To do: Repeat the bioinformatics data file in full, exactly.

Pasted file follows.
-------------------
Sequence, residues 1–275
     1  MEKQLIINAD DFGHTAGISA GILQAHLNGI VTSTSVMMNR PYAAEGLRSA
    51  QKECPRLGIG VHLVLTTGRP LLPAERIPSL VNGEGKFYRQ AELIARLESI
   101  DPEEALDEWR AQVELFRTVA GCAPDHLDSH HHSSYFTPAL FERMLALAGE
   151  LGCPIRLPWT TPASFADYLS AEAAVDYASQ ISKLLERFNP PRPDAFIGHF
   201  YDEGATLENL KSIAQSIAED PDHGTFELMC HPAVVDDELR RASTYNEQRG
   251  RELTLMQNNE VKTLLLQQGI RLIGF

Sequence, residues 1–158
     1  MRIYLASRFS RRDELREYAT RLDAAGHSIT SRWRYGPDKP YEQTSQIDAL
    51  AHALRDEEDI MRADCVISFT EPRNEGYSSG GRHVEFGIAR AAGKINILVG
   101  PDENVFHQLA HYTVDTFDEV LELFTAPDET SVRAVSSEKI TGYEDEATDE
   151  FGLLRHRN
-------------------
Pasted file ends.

Sequence, residues 1–275
     1  MEKQLIINAD DFGHTAGISA GILQAHLNGI VTSTSVMMNR PYAAEGLRSA
    51  QKECPRLGIG VHLVLTTGRP LLPAERIPSL VNGEGKFYRQ AELIARLESI
   101  DPEEALDEWR AQVELFRTVA GCAPDHLDSH HHSSYFTPAL FERMLALAGE
   151  LGCPIRLPWT TPASFADYLS AEAAVDYASQ ISKLLERFNP PRPDAFIGHF
   201  YDEGATLENL KSIAQSIAED PDHGTFELMC HPAVVDDELR RASTYNEQRG
   251  RELTLMQNNE VKTLLLQQGI RLIGF

Sequence, residues 1–158
     1  MRIYLASRFS RRDELREYAT RLDAAGHSIT SRWRYGPDKP YEQTSQIDAL
    51  AHALRDEEDI MRADCVISFT EPRNEGYSSG GRHVEFGIAR AAGKINILVG
   101  PDENVFHQLA HYTVDTFDEV LELFTAPDET SVRAVSSEKI TGYEDEATDE
   151  FGLLRHRN